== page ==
There are still more than a few questions about how it all ties into the conspiracy to murder Caspere, but for the first time, I’m confident those questions will be resolved in the 90-minute finale. More importantly, I think the light came on for me in this episode, and I realized that, holy shit: This is really, really intricate. In fact, it’s a hell of a plot, and I think I’m going to regret being so flippant about some of the far-flung elements in my review from two weeks ago, because as the puzzle pieces fit into place, I’m a little bit in awe.

However, the criticisms leveled in those reviews remain valid, and it’s how episode seven unfolded, more than the plot, that made it so impressive. More and more, I’m beginning to realize that the strength of each episode hinges on Vince Vaughn’s performance. Colin Farrell has been spectacular from the start, Rachel McAdams has always been solid and continues to improve as her character gains more depth, and Taylor Kitsch, frankly, has been a consistently weak link. The one wildly changeable cog in this machine is Vaughn. When he’s good, the show is good. When he’s bad, it’s bad. And when he’s great, as he was last night, True Detective also reaches a new level.

In a weird way, Vaughn and Semyon have a critical similarity, which is that they’re both at their best when acting from the id rather than the superego. Vaughn, even in his comedic roles, has always contained a certain amount of menace, and even his charismatic moments cast a sinister shadow. Semyon, too, is a remorseless criminal who only seems to come alive with his back to the wall, and he’s forced to call on his savage instincts. When he tries to become legitimate, he trips up on himself, and enters a world he can’t quite navigate—it makes him easy prey for someone like Osip, whose intimate understanding of the business world, combined with a thug’s ruthlessness, allows him to twist Semyon into circles. When Vaughn has failed this season, it’s come with delivering the weighty, philosophical lines that don’t fit Semyon, and don’t fit him. If he’s holding court on the subject of adoption, or childhood trauma, or anything not related to that native instinct that allows him to trample his competitors, it looks and sounds awkward. But when he’s delivering a line like, “look me in the eyes—I want to watch your lights go out,” it’s terrifying and compelling.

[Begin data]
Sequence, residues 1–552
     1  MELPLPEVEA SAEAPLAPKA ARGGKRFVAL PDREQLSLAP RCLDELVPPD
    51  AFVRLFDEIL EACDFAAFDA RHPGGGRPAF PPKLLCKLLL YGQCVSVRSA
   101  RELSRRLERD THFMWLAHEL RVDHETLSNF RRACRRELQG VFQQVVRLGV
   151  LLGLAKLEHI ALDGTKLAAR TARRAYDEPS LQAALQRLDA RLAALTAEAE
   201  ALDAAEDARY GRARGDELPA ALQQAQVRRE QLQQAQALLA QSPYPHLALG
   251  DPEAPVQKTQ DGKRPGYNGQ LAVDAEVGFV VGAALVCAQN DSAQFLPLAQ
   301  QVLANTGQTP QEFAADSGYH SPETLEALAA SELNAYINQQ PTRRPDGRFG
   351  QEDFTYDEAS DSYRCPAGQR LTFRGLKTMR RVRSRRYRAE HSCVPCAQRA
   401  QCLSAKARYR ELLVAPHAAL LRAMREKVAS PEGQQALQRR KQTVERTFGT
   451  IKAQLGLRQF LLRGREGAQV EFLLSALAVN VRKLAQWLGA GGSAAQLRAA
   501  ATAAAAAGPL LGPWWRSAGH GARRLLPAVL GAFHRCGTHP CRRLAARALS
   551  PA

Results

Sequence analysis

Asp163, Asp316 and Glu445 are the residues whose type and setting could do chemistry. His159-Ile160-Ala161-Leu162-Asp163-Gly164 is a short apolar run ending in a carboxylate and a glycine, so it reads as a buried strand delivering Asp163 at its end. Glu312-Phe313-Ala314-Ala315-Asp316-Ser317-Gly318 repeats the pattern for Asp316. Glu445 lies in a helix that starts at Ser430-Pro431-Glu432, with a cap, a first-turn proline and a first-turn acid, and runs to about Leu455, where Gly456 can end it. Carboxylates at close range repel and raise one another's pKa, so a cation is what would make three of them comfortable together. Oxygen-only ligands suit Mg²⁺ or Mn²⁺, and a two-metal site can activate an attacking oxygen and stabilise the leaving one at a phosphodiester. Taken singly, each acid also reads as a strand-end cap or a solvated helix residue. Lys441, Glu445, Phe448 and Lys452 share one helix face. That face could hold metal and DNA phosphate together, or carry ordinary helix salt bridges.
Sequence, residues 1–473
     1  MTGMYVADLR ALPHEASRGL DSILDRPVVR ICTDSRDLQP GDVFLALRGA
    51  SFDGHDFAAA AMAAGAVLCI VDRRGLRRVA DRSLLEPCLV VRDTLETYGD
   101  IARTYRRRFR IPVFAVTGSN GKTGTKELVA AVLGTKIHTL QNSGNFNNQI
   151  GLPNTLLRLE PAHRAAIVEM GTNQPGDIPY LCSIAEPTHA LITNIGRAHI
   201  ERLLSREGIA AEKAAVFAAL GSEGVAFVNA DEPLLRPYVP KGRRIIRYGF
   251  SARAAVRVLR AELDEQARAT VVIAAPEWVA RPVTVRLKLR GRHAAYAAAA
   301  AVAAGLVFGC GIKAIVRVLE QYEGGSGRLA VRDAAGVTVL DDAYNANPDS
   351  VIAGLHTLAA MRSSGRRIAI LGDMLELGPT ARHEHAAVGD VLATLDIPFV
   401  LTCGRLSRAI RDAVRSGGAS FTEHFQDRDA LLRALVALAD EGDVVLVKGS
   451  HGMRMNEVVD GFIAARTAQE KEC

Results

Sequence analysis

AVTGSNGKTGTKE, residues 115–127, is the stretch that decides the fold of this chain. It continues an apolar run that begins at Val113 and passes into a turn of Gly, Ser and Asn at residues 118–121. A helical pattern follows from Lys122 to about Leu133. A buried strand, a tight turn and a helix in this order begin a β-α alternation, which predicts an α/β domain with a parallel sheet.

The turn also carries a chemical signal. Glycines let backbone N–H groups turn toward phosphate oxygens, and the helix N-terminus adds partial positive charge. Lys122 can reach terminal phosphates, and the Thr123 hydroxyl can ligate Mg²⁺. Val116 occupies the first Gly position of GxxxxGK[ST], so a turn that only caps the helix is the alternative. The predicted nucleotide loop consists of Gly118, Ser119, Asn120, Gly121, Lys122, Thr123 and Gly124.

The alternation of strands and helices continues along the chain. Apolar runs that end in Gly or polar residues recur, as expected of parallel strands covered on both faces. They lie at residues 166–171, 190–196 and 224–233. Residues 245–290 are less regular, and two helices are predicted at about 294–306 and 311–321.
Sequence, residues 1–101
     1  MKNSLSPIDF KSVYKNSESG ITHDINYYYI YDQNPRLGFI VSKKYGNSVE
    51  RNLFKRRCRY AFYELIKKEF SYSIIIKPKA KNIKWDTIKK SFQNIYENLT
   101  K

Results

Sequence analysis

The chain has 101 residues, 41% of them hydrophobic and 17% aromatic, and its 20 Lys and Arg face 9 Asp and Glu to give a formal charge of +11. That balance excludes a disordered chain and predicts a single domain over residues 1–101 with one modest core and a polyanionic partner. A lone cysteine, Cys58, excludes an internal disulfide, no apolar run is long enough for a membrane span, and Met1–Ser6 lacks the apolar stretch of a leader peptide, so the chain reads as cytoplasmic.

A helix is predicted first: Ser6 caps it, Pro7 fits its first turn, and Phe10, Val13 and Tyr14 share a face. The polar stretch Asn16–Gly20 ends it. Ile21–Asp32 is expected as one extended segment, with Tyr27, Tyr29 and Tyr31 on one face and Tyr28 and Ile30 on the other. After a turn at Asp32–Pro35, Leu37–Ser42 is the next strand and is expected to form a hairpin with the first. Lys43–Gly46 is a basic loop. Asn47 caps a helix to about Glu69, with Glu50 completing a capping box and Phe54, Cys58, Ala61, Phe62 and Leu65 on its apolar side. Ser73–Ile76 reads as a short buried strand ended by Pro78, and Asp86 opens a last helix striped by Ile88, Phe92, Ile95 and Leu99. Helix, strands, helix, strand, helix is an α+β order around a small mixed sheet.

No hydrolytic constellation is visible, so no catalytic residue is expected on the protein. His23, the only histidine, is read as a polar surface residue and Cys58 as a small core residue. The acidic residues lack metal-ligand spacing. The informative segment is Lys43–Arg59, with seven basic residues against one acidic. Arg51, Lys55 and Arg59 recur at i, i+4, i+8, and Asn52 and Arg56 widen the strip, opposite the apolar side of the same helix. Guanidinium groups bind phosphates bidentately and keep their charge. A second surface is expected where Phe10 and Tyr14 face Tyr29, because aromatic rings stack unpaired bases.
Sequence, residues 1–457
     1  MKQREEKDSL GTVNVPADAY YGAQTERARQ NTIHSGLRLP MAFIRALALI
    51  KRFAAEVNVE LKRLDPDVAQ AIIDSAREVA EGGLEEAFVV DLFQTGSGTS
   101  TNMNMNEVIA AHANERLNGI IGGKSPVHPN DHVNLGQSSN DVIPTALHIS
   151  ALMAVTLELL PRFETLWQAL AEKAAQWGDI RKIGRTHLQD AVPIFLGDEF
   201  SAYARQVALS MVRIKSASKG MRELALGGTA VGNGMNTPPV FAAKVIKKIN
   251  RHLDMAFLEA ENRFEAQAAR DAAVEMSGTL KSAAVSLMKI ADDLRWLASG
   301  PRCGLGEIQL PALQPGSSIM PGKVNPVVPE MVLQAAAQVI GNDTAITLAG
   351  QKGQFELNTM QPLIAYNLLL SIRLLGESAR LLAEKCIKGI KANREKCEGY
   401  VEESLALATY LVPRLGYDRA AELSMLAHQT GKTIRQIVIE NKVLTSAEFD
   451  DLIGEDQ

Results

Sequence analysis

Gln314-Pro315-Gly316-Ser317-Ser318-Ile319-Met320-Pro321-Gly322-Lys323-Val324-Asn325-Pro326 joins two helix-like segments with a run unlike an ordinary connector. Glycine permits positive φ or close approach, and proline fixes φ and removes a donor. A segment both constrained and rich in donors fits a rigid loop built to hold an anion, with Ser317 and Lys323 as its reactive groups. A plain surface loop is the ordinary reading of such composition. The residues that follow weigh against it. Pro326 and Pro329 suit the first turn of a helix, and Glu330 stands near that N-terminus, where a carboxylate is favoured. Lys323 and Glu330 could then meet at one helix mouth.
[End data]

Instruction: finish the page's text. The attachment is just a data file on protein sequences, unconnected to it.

So it should come as no surprise that in an episode where he has to call on every one of those criminal instincts to dig himself out of a deep hole, both Semyon and Vaughn thrive. I caught myself leaning forward each time he came on screen, and his scene with Velcoro at the blackjack table was electric. That wasn’t the only perfect moment—letting his wife see the dead body, turning Chessani against his son, and playing Osip like a violin also hit the mark. Then there was the bloody scene with Blake—the one thing that keeps Semyon alive is that nobody seems to understand exactly how mean he can be. Osip grants him mercy because of his arrogance—surely, Frank will understand that undoing his life’s work was “just business”—and Blake lets himself be caught alone in the same room as the man he betrayed.